NMA’s ‘Peak Profile’ and sustainability « Khabarhub
Monday, July 22nd, 2024

NMA’s ‘Peak Profile’ and sustainability

KATHMANDU: At the backdrop when the sustainability issue is still not enforced maturely, the Nepal Mountaineering Association (NMA), under the guidance of the Department of Tourism (DoT) has prepared the profile of Nepal’s 414 peaks.

The profile of peaks includes information on the peaks, including routes, itinerary, the height of peaks, districts, the social condition of the areas, and budget details for climbing the peaks.

“The profiles will be beneficial not only to the climbers but also to others interested in gathering details of the peaks and its surroundings, including the geography, socio-economic status of the people there,” Kul Bahadur Gurung, General Secretary at NMA told Khabarhub.

The NMA is also planning to include the 360-degree view of the mountains. Earlier, NMA had planned to prepare the profile of 576, but, owing to various circumstances, it had to constraint 414 peaks only above the height of 5800 meters, Gurung said.

Nepal has about seventeen hundred peaks. NMA has started to update the peak profile on the website and set a schedule to launch it in the opening ceremony of Visit Nepal Year 2020.

Currently, viewers can see the picture of the peaks, its latitudes and longitudes, caravan route, the route to base camps, and nearest peak to it, Gurung explained.

Climbers can climb all the peaks included in the profile. NMA started its work on the profile from 2014, he said, the profile is expected to boost Nepal’s peak into the international arena.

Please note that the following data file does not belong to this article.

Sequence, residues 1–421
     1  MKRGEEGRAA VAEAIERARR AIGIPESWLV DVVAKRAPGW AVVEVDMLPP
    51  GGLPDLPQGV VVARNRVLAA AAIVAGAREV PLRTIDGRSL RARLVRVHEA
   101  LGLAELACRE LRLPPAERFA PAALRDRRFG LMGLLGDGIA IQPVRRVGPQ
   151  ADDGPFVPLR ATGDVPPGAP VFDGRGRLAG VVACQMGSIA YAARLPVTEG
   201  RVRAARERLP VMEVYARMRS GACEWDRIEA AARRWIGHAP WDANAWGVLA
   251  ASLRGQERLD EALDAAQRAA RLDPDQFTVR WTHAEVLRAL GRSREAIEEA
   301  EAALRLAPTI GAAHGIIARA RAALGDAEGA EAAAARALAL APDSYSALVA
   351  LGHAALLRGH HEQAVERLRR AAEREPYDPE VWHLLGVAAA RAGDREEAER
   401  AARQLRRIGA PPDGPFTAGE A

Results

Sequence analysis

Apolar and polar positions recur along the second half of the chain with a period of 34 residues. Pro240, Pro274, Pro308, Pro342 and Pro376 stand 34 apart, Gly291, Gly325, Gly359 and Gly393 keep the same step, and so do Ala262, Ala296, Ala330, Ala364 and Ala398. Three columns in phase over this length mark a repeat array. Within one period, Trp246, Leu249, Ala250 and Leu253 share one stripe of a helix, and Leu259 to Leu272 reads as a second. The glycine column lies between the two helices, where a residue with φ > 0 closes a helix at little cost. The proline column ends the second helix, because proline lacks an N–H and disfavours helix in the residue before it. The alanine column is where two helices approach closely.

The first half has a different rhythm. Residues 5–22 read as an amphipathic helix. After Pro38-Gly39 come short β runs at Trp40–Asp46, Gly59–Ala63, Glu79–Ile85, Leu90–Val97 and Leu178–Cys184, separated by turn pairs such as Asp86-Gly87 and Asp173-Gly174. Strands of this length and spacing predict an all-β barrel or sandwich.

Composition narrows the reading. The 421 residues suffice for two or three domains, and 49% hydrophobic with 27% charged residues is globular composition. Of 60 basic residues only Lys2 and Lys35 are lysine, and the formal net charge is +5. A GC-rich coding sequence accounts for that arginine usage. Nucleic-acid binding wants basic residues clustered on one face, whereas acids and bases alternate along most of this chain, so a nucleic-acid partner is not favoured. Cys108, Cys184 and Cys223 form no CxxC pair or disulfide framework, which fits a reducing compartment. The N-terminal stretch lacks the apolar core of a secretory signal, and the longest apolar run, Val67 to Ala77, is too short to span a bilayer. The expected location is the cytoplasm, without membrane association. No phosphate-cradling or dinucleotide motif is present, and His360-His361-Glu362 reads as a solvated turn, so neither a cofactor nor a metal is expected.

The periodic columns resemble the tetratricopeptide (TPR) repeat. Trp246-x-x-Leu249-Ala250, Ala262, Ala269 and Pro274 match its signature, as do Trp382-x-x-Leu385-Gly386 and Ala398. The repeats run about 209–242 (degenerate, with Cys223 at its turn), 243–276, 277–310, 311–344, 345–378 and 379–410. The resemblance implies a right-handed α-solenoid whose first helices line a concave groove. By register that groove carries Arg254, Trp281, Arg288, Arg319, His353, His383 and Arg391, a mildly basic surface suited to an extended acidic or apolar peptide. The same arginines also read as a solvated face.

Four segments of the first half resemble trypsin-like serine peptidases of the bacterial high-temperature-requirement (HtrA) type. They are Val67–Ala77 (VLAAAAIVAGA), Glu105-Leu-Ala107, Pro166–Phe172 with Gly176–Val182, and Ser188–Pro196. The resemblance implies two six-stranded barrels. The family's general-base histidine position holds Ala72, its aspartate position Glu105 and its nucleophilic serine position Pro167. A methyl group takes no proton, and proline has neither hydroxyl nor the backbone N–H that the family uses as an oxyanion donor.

As per him, the concept of peak profiling is aimed at setting up a scientific database of Nepal’s peaks. It is also expected that the peak profiles will help attract climbers to attempt virgin peaks of the country, he added.

According to the DoT, of the 476 mountains above 5,800 meters that are suitable for climbing, the government has opened 414 mountains for climbing activities at the moment. However, only half of the opened mountains have been attempted by the climbers.

When the government is set to promote mountain profiling, experienced entrepreneurs and youths seem worried about the sustainability issue.

“It’s true opening mountains for climbing, impacts the life of the people living nearby,” says Dhundup Pakhrin, a tourist guide graduating in Tourism and Hospitality Management at NATHM, “however, the thing to think about is retaining the pristine celibacy of the mountains, support the livelihood, promote mountain ecology and save it from changing them into rubbish debris as we have seen and read about the mountains opened earlier.”

Ecologist thinks sustainability is a key issue to be kept in mind in such cases. They are skeptic about the role of monitoring and law enforcing authority in taking ecology effectively. Citing some of the reasons behind the rubbish debris at Everest and other climbing areas, they say the laws and regulations related to ecology and glory of the mountains should be amended in a timely manner and enforced effectively.

It is remarkable that existing regulations about the cleaning of the Himalayan region are less strict and not effective in Nepal.

For example, six years ago, Nepal made the proclamation that $4000 rubbish deposit per team would be refunded provided the climbers brought down at least 8 kg or 18 pounds of waste. As a response, many climbers opted to forfeit the deposit rather than fulfilling their responsibility, whereas on the Tibetan side of the Himalayan region, one is required to bring down 8 KG and failure to do so results in $100 per kilos.

Publish Date : 14 December 2019 10:11 AM

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